It was a good thirty minutes before Caroleen arrived at the theatre, and well past midnight. But when she did, slightly disheveled and most assuredly out of breath, she looked as though tightly woven curlers had been freshly plucked from her auburn tresses, expressly for the occasion.
“What on earth?” she exclaimed.
“Come,” said Blewey, escorting her to his choice seat, eighth row, center before encouraging her to sit, “I’ve a surprise for you.”
Without another word he ran away to reset the projector.
“This had better be worth it!” shouted Caroleen, slightly annoyed.
In all her years of living with her husband, she had never quite managed to acquire his innate love of the movies. Although she also had her favourites, these were strictly as a way of passing the time. But as soon as the images began to flicker to life on the screen, Caroleen realized how special this moment was between them. From now on this would be ‘their’ reel.
Over the years Blewey had taken great pains to secure Arthur Freed’s gift in a special hiding place inside the theatre’s loft, lest one of the overzealous cleaners from the night crew toss it into the ash can without recognizing its true value. However, the last time Blewey had shared this reel with his wife was on Saturday, November 23rd, 1963; the day after President Kennedy was shot. They had needed a Brigadoon just then. Camelot was gone forever.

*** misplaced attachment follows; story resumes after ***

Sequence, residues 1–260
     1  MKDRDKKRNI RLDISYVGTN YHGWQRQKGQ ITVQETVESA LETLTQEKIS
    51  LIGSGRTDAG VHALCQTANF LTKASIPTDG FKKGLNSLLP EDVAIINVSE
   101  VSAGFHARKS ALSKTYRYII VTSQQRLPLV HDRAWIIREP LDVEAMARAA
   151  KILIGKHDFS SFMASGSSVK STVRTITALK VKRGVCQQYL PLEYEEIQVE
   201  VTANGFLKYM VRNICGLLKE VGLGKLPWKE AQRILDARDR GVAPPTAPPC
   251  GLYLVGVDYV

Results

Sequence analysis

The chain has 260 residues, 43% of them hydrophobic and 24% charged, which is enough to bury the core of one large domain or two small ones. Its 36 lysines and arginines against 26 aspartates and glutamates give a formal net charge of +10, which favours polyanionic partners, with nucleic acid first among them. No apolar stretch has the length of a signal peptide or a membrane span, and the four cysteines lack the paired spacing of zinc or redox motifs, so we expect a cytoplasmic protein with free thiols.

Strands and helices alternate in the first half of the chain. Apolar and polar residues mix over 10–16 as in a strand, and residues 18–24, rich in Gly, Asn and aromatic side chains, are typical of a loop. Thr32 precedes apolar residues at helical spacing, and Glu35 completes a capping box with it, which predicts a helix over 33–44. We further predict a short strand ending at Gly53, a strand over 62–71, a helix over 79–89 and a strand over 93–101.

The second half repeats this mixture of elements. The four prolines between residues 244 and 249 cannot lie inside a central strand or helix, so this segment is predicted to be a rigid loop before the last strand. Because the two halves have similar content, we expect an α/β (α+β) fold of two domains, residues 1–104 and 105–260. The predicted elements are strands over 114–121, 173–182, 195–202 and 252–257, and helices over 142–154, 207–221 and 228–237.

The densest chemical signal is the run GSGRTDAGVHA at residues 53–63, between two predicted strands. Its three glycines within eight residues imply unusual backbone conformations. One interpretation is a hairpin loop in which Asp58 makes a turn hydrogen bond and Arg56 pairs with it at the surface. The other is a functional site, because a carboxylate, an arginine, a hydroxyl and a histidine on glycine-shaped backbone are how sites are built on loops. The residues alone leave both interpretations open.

The years had rolled on, as effortlessly as twenty-four frames a second, through the lives and loves and love lost. From his tight little corner inside the Loew’s Grand, Blewey Huett travelled to many lands. He had seen great wonders of the earth and outer space. By his own account, he had experienced the scope and breadth of human evolution; all of it paralyzed in the dark.
But darkness itself had crept beyond the stage that previous winter, had afflicted Caroleen with a most devious malignancy that no amount of fantasy could cure. She had died quietly in his arms and in her last hushed gasps of farewell he had heard the mysterious echoes of ‘The Heather on the Hill’ – remembering how, in her stocking feet, she had come to the front door to greet him one late afternoon with a smile and a song, and his heart had broken then at the thought of never hearing it again.
Now, he would cue up their most precious memories once more – one last time to scorch them into his memory, before going home to an empty house.
The familiar countdown leader before the outtakes began to flash on the widescreen, and then the journey into yesteryear began. Gene Kelly tripped on a paper mache rock and momentarily lost his temper, kicking a few sprigs of heather aside. Cyd Charisse sipped her Coke near the plywood and straw thatched hut of Fiona Campbell. Vincente Minnelli darted across the scenery without the benefit of an audio track, waving his hands wildly about for grips and crew to clear the set before Jimmy Thompson’s outtake.